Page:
Pressure Busting Tip #4
My family is big, but it's not like the Osmonds or the Kennedys. Still, once my sister Patti had her four kids, and I had my two, and my other sister Susan had her two, and my brother had his two, we all suddenly realized that Christmas was going to get exponentially more expensive. And for a long, long time if we didn't do something about it. We weren't being a Scrooge or a Grinch, we were being more of a...Christmas Einstein. While the kids were little, it was a given that we would buy for them. Heck, most of the fun of Christmas shopping was buying Kid Stuff. For the adults, we all put our names on an index card along with a few gift ideas that were within our set spending limit. Then we had a drawing. After a few years, we all agreed to give that up, too, and simply spend the money on our kids and my mom and dad. Then the kids all got older and less fun to buy for, and their tastes got really specific and more expensive and we realized that this, too, could go on forever, and when they started having babies, where and when would it ever end?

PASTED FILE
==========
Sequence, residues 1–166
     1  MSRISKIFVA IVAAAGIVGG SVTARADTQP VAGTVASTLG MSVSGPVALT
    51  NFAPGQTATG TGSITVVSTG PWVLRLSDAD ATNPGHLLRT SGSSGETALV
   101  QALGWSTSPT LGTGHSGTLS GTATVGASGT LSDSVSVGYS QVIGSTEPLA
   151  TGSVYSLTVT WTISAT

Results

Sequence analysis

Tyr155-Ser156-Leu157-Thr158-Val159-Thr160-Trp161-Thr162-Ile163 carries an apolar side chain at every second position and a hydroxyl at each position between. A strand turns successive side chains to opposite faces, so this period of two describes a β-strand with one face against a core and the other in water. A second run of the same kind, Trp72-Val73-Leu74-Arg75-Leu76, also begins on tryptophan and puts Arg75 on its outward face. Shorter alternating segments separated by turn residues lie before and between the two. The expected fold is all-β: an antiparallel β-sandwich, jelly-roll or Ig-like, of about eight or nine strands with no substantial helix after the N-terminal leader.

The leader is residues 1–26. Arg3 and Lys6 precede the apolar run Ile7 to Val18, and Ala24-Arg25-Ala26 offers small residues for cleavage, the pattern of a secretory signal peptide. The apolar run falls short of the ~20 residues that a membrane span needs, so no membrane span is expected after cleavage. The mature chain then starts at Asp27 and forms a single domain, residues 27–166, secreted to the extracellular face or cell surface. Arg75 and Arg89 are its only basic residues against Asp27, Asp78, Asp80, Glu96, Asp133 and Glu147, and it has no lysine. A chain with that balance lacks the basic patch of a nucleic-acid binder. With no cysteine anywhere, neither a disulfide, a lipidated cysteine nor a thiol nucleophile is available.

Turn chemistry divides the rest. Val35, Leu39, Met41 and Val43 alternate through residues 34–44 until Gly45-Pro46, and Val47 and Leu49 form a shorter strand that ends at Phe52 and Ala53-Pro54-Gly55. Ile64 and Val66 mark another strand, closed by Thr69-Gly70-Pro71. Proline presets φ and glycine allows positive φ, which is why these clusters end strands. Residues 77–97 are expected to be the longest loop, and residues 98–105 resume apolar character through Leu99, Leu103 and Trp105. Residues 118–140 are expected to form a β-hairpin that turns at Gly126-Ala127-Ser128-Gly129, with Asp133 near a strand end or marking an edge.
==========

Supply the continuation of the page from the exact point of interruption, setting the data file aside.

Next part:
Madness! It's like the House of Representatives. Anyway, this all leads me to today's tip, which some of you may have already implemented: Set practical, common-sense gift-giving limits and stick to them. In our family we make age 18 the last year for gifts from aunts and uncles. We do not buy gifts for grandnieces and grandnephews no matter how adorable and wonderful and cuddly they are. We leave that set to Great-Grandma St. Patsy and the Grandmas and Grandpas among us. Christmas is for children, but the last thing children need is to be spoiled by ten tons of plastic. Better that they feel ten tons of love, laps, hugs, and smooches.
Every once in a while, I'll see a small giftie that reminds me of Bobby, Susan, or Patti (my siblings). I happily pick it up to give to him or her at Christmas as a surprise. No one expects anything, and if someone gets something and the other doesn't, there are no hurt feelings. It makes for a happier, less stressful, more loving Christmas.